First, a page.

Ska, which originated in the Jamaican music movement of the 1960s, was originally based on brass and was a blend of jazz, rhythm and blues and Caribbean musical influences. Over the years, it has evolved and taken on characteristics of many other musical styles, such as rocksteady, reggae, punk rock and hip-hop.
The Pannonia Allstars Ska Orchestra is a prominent representative of this vibrant genre in Hungary and will take to the stage of Müpa Budapest on 19 May for a very special album launch. Their album with the renowned, two-time Latin Grammy-winning American producer Victor Rice is absolutely unique, even in their colourful career.
The concept itself is remarkable: as a fan of Béla Bartók, Rice, who is currently living in Brazil, presents songs selected from the Hungarian folk vocabulary in a Caribbean musical context together with PASO, emphasizing the musical similarities and common denominators of the two worlds.
The colourfulness of the genre is shown by the fact that there are several theories even on the origin of its name. One is that the word ‘ska’ comes from the abbreviation ‘skavoovie’, a term used in jazz in the 1940s to describe how fast bands could play. The word later spread to the music of Jamaica in the 1960s and from there spread around the world. Other theories, however, suggest that the word “ska” refers to a dance called skank, popular in the 1950s and 1960s.
We asked Kristóf Tóth, KRSA, frontman of the Pannonia Allstars Ska Orchestra, who says the closest thing to the truth is:
“Jamaicans believe that ska imitates the sound of the guitar strumming. That was the starting point.”
The music movement in Jamaica in the 1960s was a cultural revolution that fundamentally changed the musical landscape of the island nation and contributed to the emergence of reggae, ska and rocksteady music. It drew on a desire for independence and freedom and used music to express the social and political problems of Jamaican society.
In the 1960s, Jamaican musicians and performers were living in extremely difficult conditions, plagued by poverty, unemployment, racism and other social problems. However, ska brought hope and joy to the people and the blending of musical styles resulted in new and very exciting sounds. It began to spread to other countries in the 1960s and 1970s.
The first foreign successes of Jamaican artists came with the rise in popularity of English ska and rocksteady styles in the UK. The music spread among Jamaican immigrants and British music fans there, and the upbeat tunes carried the messages of this particular culture with them.
How can this way of ska be reconciled with Bartók’s music, what characterises this album, which is now being presented?
KRSA: Bartók is the link that actually brought together American music producer Victor Rice with the Pannonia Allstars Ska Orchestra. He had become a fan of Béla Bartók at an American music conservatory, and that’s why he came to Hungary. The second time he came here, we performed together and started planning something what eventually became a big project. The focus here is on Bartók’s work as a music collector, as his folk song collections were the starting point for all this. Victor Rice had the theory that there was a lot in common between the folk music of Central and Eastern Europe and the Balkans with the music of Jamaica, and he wanted to show that similarity. I think there are at least as many differences, but it was interesting to find the similarities and exploit them.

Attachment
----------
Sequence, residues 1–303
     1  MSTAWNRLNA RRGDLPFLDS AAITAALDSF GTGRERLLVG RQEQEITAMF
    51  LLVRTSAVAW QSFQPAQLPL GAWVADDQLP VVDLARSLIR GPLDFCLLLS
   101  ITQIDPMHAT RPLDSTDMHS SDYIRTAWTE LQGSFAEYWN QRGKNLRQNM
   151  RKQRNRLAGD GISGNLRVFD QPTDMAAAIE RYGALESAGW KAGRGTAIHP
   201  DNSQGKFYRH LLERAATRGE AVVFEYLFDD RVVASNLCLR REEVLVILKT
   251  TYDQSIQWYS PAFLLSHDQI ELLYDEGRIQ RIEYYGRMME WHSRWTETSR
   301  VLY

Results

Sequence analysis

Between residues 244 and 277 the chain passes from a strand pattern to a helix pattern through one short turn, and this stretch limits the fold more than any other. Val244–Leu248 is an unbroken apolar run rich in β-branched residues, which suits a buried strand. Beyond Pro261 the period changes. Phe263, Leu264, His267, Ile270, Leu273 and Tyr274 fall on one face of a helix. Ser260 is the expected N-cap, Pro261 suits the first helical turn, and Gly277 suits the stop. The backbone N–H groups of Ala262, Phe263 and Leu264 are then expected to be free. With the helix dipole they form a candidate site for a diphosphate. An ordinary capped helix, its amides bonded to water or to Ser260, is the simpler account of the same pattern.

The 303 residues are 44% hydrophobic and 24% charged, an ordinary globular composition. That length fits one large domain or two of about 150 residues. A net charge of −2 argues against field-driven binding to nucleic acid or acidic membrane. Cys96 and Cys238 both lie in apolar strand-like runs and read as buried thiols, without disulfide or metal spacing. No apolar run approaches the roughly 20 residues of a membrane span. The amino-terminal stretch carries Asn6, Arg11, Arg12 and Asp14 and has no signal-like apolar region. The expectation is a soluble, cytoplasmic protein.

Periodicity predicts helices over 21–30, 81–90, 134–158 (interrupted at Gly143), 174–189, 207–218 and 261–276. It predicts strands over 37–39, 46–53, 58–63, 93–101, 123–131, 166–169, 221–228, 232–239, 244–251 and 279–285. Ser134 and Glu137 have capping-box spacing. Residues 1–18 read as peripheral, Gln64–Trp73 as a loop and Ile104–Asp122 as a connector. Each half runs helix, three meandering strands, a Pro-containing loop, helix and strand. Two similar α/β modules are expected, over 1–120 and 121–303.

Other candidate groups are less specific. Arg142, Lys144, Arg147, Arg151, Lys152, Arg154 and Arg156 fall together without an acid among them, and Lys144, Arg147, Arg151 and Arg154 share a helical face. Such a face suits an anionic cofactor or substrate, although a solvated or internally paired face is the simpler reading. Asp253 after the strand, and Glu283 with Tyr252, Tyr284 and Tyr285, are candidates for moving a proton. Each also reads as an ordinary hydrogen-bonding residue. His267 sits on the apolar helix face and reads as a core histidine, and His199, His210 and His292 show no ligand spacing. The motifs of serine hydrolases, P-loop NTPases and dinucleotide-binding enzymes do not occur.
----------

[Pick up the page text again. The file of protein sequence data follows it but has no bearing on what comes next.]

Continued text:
What captured him most about this music?
KRSA: There is a kind of primordial power, an elemental purity. In terms of the collections, in the compositions, in the composition, and the incredible structure that Bartók had in his mind, and that really appealed to him.
Who are the musicians and which folk music bands are joining PASO for this evening?
KRSA: Our singer is Fanni Nádasdy, who plays in Dalinda, Korinda and many other bands. György Barna is a violinist, he is a regular guest, we have been working together for at least fifteen years, he plays in Kolompos, Berka and other bands. Szabolcs Endrődi, who plays the cavalon and the flute, is also present in one of these bands. Mátyás Egervári will also be with us, playing cimbalom and long flute. Gábor Hajas will add the sounds of the reel lute to our music – he was a member of the band Folkfree. Márton Agócs comes to sing, and I must also mention the frontman of Aurevoir, Dániel Mester, who is basically a jazz saxophonist and clarinetist, but also plays Turkish music in a world music formation.
What kind of evening can we expect, what will the atmosphere be like?
KRSA: Very interesting, very mixed, because we’re going to adventure not only into the world of Hungarian folk music, but also Balkan folk music. We’re going to play all the songs from the album and enrich our own songs with instruments that are not basically in them, but that suit them very well, like the cimbalom. It’s a real musical cavalcade. It’s going to be a unique, special, one-time occasion to stage the album in this way, so if you’re interested, now’s the time to give it a listen.
Article: Anna Rácz
Translation: Zsófia Hacsek